Delivering high-end healthcare through cooperation

Published on LEUT Ben Robson (author), ABIS Ryan McKenzie (photographer)

Topic(s): HMAS Adelaide (L01), Exercise TALISMAN SABRE

International observers from the United States Navy and the Japanese Maritime Self Defence Force conduct a tour of HMAS Adelaide's medical centre during Exercise TALISMAN SABRE 2019.  (photo: ABIS Ryan McKenzie)
International observers from the United States Navy and the Japanese Maritime Self Defence Force conduct a tour of HMAS Adelaide's medical centre during Exercise TALISMAN SABRE 2019.

Seven international medical observers onboard HMAS Adelaide have shared skills and ideas during Exercise TALISMAN SABRE 2019 to deliver high-end healthcare capability.

Five specialists from the US and two from Japan have visited the Landing Helicopter Dock’s facilities to be put through their paces during mock casualty treatments.

Training officer in Adelaide’s medical centre, Lieutenant Commander Steven Grosser, said it was essential for enhancing Navy’s health capability to work with our regional and global partners.

“Having that fresh set of eyes and seeing a different way of doing things can only allow us to increase our capability,” Lieutenant Commander Grosser said.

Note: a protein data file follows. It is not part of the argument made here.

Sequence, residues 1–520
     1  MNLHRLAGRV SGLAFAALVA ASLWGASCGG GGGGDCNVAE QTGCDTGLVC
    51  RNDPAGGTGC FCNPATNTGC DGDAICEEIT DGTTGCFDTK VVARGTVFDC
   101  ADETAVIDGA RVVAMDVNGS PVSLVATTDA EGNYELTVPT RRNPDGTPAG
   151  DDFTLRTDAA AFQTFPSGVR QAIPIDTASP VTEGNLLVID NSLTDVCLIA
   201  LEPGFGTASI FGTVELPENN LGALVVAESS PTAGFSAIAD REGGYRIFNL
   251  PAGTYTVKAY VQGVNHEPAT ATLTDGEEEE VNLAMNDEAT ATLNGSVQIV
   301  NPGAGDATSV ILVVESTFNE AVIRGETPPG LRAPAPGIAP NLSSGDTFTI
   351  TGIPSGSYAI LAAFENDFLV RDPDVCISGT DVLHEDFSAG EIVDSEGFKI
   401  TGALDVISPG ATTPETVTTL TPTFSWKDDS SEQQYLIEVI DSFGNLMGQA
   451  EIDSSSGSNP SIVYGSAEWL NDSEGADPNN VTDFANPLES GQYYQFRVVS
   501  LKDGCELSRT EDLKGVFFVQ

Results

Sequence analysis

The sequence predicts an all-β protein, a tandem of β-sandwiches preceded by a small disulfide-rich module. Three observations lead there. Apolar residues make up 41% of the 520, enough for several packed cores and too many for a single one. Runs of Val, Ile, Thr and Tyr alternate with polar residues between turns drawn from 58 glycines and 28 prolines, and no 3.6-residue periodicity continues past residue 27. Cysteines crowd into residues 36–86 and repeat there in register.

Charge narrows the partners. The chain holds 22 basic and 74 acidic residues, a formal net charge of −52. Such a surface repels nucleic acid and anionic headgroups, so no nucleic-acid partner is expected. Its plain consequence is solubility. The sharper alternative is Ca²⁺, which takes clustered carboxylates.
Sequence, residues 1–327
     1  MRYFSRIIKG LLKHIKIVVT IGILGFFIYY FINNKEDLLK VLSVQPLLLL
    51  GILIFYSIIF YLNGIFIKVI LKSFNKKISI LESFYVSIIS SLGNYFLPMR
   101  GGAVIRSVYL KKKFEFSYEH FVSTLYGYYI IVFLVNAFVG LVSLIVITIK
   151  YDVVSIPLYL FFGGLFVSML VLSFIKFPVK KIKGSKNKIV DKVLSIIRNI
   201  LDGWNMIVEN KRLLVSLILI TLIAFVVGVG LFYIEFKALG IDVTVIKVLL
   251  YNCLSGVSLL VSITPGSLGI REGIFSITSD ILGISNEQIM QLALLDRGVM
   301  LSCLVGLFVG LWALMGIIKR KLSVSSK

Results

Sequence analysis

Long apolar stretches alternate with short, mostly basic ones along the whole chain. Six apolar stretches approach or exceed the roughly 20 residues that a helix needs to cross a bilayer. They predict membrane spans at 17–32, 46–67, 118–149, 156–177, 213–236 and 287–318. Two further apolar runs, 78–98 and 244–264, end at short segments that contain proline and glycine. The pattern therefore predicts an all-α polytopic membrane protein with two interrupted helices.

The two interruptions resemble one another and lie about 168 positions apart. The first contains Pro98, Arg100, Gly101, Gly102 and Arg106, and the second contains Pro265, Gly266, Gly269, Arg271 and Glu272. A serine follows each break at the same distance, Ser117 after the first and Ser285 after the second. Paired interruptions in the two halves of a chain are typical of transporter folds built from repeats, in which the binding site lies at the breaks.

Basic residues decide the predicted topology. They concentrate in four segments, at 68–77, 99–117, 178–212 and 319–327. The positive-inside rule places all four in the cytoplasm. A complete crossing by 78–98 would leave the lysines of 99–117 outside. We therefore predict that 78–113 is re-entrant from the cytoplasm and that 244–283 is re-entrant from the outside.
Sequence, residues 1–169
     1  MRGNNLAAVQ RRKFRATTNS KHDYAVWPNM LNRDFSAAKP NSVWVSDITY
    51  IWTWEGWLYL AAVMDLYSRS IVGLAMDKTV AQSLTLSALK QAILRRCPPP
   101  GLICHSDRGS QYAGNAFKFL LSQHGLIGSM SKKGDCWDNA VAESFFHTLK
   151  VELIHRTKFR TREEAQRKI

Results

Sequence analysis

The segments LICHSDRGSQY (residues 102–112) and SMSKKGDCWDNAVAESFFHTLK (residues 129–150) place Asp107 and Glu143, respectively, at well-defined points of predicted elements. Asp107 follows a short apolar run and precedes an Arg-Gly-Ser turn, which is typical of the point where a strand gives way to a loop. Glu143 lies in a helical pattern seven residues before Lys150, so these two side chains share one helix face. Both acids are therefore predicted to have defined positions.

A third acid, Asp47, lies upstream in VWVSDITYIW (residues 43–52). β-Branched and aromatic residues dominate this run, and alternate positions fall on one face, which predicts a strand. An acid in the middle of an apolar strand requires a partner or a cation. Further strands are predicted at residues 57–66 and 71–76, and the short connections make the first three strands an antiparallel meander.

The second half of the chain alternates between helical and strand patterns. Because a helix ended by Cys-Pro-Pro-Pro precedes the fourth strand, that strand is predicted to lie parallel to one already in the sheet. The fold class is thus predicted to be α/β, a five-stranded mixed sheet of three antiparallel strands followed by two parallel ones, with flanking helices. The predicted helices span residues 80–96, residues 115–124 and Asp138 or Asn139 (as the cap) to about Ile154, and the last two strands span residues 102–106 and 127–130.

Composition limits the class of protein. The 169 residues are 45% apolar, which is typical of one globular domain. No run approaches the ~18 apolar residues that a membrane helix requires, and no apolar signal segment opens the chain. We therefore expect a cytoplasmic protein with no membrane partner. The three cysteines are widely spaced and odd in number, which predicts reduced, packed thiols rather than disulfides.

“We might not necessarily work with the same people who are observing, but if you work again with Japanese you will already have developed that relationship and understanding.

“Without that cultural understanding and sensitivity you can’t get any further beyond that surface level.”

A registered nurse with nearly 12 years of Service, Lieutenant Commander Grosser spent three and a half years in the Australian Army before jumping ship, as he puts it.

“The main reason is we get a significant amount of clinical time in Navy,” he said.

“Back in Sydney we will work three or four days a week in a civilian hospital so we know hand on heart we can do our job.”

Among the specialists observing was Lieutenant Junior Grade Hideaki Miyoshi, a urologist from the Japanese Maritime Self Defence Force.

“We are studying and understanding the way Australians do things, and bettering our relationships,” he said.

“How you do things is really fascinating for us.”

With surgeons, an anaesthetist, an intensive care nurse, an orthopaedic surgeon and a urologist among the ship’s guests, a wealth of knowledge and experience could be shared.

Another surgeon, Lieutenant Commander Kevin Smith from the US First Medical Battalion, said TALISMAN SABRE was the largest exercise he had participated in.

“Should a situation arise where we need to have involvement in conflict we will be versed in how to execute the mission at hand,” he said.

“It feels like an achievement at the end of the day knowing we’re getting stronger, getting better and building our camaraderie and working together as a team.”

TALISMAN SABRE 2019 imagery is available on the Defence Image Gallery:
https://images.defence.gov.au